The majority of researchers using animals in experiments are well aware of the 3R principles of replacement, reduction and refinement and the methods that promote these. The researchers consider that it is important to apply these principles as a means of enhancing animal welfare. This was the main finding of a survey conducted by the Council on the protection of animals used for scientific or educational purposes TOKES and Ministry of Agriculture and Forestry concerning the utilisation of the 3R principles in research based on animal experiments.
As yet it is not possible to altogether stop using animals in experiments as some of the information they produce cannot be obtained by any other means available today. Testing on animals is still needed as our current legislation requires the use of animals in certain cases to ensure the safety of humans, animals and the environment. We are quite far from the aim to altogether stop using animals, even if this has been recognised as the end goal within the EU.
Animal experiments can be replaced by other methods, fully or in part. Based on the survey, cell and tissue models are already in wide use in biomedical research. Often cell-level research on animals is done in connection with other studies, which means that the different methods are complementary to each other.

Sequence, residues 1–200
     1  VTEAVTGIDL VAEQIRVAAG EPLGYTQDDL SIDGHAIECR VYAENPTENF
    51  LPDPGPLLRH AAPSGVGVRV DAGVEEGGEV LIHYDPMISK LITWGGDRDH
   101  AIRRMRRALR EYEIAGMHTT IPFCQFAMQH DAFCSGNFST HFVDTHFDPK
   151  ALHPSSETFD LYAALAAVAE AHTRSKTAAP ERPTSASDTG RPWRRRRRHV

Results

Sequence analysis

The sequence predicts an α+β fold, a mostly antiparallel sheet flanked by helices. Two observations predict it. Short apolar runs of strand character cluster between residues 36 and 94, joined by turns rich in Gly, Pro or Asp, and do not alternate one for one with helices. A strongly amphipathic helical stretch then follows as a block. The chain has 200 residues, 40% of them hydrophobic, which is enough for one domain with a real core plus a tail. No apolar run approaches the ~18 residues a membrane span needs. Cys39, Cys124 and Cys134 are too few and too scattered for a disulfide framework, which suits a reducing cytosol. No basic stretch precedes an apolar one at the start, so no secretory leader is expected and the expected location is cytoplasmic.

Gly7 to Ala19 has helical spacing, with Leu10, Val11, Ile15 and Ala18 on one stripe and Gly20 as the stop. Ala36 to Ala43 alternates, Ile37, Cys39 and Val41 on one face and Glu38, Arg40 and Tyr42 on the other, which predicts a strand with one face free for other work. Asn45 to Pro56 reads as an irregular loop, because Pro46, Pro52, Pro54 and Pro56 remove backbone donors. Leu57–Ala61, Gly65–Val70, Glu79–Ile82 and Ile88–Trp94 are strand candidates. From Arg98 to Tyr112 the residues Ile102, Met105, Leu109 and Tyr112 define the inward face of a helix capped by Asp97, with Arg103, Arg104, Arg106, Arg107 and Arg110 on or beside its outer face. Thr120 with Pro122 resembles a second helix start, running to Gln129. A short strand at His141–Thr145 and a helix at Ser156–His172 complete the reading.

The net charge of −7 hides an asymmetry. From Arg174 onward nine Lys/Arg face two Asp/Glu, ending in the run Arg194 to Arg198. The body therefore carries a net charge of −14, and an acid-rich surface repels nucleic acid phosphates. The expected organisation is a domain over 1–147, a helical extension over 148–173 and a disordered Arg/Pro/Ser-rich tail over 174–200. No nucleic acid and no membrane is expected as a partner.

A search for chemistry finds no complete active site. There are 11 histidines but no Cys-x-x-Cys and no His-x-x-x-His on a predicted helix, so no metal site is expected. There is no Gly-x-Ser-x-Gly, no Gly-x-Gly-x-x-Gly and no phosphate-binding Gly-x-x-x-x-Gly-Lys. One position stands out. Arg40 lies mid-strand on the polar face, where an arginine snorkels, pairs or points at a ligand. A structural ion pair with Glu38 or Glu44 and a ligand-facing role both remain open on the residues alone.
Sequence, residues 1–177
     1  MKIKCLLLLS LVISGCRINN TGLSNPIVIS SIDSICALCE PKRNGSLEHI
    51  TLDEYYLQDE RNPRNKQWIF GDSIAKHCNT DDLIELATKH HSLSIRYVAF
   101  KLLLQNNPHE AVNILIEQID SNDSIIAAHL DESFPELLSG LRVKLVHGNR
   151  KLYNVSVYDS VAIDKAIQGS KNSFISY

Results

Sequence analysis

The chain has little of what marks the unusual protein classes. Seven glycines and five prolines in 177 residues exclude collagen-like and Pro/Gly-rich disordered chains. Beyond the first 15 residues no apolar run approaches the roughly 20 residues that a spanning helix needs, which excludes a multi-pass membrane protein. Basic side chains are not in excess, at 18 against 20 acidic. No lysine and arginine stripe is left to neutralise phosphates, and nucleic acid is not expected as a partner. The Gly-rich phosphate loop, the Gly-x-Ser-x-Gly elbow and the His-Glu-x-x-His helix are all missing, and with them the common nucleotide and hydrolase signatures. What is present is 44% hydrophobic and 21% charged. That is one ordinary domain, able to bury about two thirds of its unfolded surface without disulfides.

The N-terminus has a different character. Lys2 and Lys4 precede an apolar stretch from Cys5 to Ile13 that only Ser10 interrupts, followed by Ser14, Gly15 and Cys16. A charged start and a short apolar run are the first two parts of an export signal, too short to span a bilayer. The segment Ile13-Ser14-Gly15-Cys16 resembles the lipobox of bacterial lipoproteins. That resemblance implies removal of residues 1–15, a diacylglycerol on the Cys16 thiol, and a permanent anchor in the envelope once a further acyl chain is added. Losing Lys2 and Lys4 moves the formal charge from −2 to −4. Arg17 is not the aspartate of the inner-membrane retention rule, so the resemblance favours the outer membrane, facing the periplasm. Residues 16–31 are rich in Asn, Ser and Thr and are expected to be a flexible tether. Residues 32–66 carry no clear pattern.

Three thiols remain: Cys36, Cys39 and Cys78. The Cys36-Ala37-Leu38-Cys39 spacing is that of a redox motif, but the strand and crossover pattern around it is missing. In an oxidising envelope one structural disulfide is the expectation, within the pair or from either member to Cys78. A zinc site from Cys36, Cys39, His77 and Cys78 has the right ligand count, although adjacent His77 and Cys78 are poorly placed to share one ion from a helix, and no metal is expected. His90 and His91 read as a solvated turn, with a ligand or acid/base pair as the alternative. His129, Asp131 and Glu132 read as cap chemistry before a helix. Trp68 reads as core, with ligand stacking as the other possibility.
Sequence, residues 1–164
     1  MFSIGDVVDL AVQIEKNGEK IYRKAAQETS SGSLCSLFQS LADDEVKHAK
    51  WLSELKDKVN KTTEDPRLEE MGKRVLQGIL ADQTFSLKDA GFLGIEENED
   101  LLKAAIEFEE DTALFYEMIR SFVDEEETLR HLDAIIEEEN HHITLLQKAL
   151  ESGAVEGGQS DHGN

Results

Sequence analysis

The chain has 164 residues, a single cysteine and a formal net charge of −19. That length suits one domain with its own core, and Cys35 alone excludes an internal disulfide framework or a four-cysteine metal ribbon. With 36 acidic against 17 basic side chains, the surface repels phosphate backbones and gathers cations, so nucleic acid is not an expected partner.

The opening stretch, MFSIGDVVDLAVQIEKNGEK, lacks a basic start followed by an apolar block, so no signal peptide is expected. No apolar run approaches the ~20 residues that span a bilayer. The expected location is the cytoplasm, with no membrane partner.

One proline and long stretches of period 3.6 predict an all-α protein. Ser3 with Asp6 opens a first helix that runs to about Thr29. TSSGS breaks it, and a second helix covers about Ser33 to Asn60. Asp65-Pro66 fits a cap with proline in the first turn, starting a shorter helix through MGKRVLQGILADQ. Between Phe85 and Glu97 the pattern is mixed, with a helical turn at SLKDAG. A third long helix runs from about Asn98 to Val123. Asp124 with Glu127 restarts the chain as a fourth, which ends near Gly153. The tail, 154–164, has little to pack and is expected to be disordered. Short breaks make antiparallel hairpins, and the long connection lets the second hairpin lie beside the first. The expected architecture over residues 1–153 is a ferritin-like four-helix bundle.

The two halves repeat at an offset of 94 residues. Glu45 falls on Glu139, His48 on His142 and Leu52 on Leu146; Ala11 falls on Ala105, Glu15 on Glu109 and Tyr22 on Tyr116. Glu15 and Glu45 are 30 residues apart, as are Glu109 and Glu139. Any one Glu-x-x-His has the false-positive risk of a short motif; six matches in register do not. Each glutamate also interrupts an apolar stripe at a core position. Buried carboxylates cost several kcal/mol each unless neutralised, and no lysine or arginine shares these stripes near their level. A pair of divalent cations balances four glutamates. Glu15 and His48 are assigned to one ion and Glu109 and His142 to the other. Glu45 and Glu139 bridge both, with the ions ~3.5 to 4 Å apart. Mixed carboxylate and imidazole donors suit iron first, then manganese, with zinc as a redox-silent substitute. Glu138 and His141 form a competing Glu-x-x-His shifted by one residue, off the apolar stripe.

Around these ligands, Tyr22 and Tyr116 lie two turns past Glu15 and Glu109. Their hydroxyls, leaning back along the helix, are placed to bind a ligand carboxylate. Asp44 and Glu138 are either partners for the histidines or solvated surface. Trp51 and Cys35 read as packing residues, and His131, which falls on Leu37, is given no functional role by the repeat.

The survey shows that the numbers of animals used for educational purposes are very low. Techniques where live animals are utilised are taught to those who need to master such techniques.
Education and welfare groups in a key position
The use of the 3R techniques is promoted via the animal welfare groups and education at experimental animal establishments. In educating researchers the focus must be on teaching about research techniques and about principles guiding the operations, as well as on education targeted to specific fields of science and establishments. The researchers feel that they need further education, for example, in the use of cell and tissue models, animal models and statistical methods. Animal welfare groups set up by the operators follow and guide the operations in their respective units.
A total of 192 researchers who use animals for experimental purposes or have knowledge about this kind of research answered the survey of TOKES and the Ministry of Agriculture and Forestry. This is about 10% of researchers working in Finland. The survey was based on the mandate of TOKES to monitor and promote the realisation of the 3R principles in the use of animals in experiments.
Outi Vainio, Professor of Veterinary Pharmacology, University of Helsinki, tel. +358 50 415 5251, firstname.lastname@example.org
Tiina Pullola, Senior Veterinary Officer, Ministry of Agriculture and Forestry, tel. +358 295 162 108, email@example.com
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